Yeah. Like what's like, what's the benefit? Like if I take a normal person ad libitum, low carb, what what's, what's the benefit?
Michael Nelson 1:30:21
My bias is just usually you're assuming that your compliance would be better because you're eating things like, you know, high fiber, that type of thing. on low carb, oh, you're saying low carb or high carb? Low Carb? Yeah. Maybe I misunderstood.
I'm low carb, what would be your like you're taking a Western night, and you throw them on low carb, what would be your main benefit of doing that?
We'll say you've removed a lot. I mean, you've removed the processed
Yeah, a lot of processed carbohydrates. And so you're restricting. I mean, to start with any restrictive diet results in caloric restriction on average, because you just remove a number of food choices, you eat less, because you have fewer options. You can make up for it eventually, right with your keto cookies. But that's one but then low carb.
There was a keto pizza I wanted to store yesterday was keto pizza, really? Yeah, those chicken and egg whites is the crust.
That's my smart pizza. So
55 grams of fat.
So chicken breast, chop it up, like kind of grind, like cook it and grind it up, add a couple of eggs, a little bit of parmesan, and then you flatten that out and bake it and it turns into crust. And then you can add some tomato sauce and some meat. And it's basically like 80% protein is magical, but it's like close enough to real pizza, that local pizza
is amazing to me that these these approaches, just started a pizza. Like
I'll make me my chicken pizza, you'll you'll be you'll be able to go down a storm in your house.
I mean, I mean,
I mean everybody else.
So Mike, you wanna you want to you want to wrap this thing up, give it to Tommy and I hijacked completely hijacked your, you're
Michael Nelson 1:32:28
looking good. This is a this is what happens when scientists nerd out. So. But no, I think it was a good discussion. If nothing else, that people are still listening and their eyes and ears glazed over and entirely, just to realize that there's, there's always more nuance, and there's always another level, you can go. And a lot of times in defense of people who do studies if you email them, or you can have a discussion with them. A lot of times they are aware of some of the limitations not all of the time, but especially when you get into mythology, you know, differences of a time trial versus a ride time to exhaustion, or you have to pick one way versus the other. And a lot of times it just comes down to resources. Sometimes that doesn't, that's giving them an excuse to get off of the hook. But, you know, there's probably better ways of doing things and do your time, do your research, try and get the full study if you can. And I think also, it's probably used to just think about who is your filter, because as much as we'd love to sit around and think we're hopefully educating people to do better and hopefully some people will do that. Probably the sad reality at the end of the day is people are still going to go to whoever their quote unquote expert is, but maybe they'll have a little better questions for their expert to answer now and some red flags that may may show up to cause him to do some further inquiry. So thank you guys so much for being here. I greatly appreciate it. And Dr. Tommy if people want to find you or if you prefer to stay hidden. What is your choice?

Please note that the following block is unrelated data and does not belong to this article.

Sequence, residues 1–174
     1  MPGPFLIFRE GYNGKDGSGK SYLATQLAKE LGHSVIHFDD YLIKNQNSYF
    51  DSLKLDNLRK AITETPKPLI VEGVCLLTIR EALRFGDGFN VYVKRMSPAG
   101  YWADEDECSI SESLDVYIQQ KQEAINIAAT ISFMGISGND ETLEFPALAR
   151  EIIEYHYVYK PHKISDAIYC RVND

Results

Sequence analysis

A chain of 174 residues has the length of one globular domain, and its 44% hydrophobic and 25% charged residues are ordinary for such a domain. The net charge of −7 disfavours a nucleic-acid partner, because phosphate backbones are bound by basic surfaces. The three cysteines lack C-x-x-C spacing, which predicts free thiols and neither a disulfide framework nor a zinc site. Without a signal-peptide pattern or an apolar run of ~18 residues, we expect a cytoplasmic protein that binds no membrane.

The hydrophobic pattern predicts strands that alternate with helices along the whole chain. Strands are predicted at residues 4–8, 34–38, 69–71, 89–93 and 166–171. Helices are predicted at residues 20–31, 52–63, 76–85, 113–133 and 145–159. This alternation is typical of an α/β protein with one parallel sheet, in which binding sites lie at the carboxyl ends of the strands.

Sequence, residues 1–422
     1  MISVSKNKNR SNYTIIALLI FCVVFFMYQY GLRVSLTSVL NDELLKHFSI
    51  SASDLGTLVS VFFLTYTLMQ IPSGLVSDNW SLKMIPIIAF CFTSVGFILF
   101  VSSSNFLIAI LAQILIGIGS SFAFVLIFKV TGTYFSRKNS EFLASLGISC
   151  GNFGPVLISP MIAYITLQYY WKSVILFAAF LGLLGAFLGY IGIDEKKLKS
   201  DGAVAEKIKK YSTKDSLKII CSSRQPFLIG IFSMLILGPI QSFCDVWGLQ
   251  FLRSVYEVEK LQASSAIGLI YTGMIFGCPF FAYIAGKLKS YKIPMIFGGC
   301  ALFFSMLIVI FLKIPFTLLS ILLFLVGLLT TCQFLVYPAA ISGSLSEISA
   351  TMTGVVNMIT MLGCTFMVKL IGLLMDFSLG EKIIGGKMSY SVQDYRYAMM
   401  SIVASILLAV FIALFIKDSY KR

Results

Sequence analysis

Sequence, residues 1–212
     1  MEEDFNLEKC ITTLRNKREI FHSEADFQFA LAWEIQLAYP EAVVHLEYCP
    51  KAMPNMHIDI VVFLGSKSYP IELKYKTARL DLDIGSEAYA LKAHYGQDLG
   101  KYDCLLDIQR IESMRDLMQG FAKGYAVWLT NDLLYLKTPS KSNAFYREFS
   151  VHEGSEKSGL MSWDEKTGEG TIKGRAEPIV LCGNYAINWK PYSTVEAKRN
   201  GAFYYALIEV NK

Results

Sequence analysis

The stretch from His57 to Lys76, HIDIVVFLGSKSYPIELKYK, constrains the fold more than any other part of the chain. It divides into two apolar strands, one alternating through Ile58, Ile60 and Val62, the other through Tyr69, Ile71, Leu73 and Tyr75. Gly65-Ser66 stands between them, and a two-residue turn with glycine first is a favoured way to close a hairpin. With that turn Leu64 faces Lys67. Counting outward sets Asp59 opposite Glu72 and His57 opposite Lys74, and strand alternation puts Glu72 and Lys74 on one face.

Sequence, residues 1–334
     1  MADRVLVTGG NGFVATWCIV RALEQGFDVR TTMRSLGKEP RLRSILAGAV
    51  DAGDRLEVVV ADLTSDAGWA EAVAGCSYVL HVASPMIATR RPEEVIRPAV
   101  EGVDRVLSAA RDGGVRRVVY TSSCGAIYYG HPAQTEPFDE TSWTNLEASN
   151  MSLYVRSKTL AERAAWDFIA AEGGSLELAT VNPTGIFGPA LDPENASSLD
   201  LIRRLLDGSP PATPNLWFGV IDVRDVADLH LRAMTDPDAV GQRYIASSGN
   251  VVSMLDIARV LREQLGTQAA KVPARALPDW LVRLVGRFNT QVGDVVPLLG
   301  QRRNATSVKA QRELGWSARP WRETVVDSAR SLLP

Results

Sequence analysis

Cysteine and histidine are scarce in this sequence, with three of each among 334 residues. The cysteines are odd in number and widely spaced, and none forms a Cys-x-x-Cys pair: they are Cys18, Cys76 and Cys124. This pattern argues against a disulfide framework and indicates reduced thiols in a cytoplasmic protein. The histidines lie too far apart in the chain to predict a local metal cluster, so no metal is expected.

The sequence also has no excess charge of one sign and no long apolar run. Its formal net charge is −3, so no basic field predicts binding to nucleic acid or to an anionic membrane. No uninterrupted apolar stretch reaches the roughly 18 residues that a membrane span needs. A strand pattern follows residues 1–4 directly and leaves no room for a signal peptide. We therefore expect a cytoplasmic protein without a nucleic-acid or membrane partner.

Yeah, people can check me out on Instagram at Tony wood. And if they really want to listen to Ben and I go deep, deep, deep plugged your course. Yeah, the bro bro research. Currently, the main one we have is advanced blood chemistry for athletes, which actually includes loads of other stuff, gut health, metabolic health, all these other things. And there'll be a longevity course at some point soon. We're gonna start putting that together. But yeah, it's gonna be it's even more of this more graphs.
Michael Nelson 1:34:41
But if you learn everything first based on real data, you're saying
as much as
you think you're gonna die. We actually don't get to tell you these are the things that might matter. You're probably not doing any of them, nor will you probably do them because of that. That'll be fun. But yeah,
oh, this is what people tell you to do to make you live longer. This is why that's not true. There's gonna be a bit of that as well.
Michael Nelson 1:35:06
I, I think there's a, there's a lot to be said for dismantling cognitive distortions that are on social media right now. And so I think that as as researcher, as for sure. So, as a researcher, I'm now thinking in my head before even talking about the study or the study, I'm thinking about that in the study design. Oh, yeah. So like, pay all these paper? I would have thought about this, like, it's not that big a deal in research like that, finally, is it like no scientist is gonna, like lose their mind over that study? We're all gonna be like, Oh, this is very questionable. We're not going to put much clout in it. Right. But I'm, I'm already thinking of I'm thinking of that as researchers, how is how is this gonna get taken out of context? If it's a no finding? Or how is this thing gonna get taken out of context. And so that's where I would be squeamish. That's where I think we need to be better on study design and statistical analysis, I think we have, because we haven't talked about this is that scientists have bias to, oh, if you if you've published 20 papers on a certain thing, and like you don't like, that's a big deal. Like, even though you're a scientist, you mean, you may still have inherent bias. And so I think that, as scientists, we just have to be better in our study design. And then we also have to be, I think, we have to get a lot better at selling no findings. And that's, that's my, that's what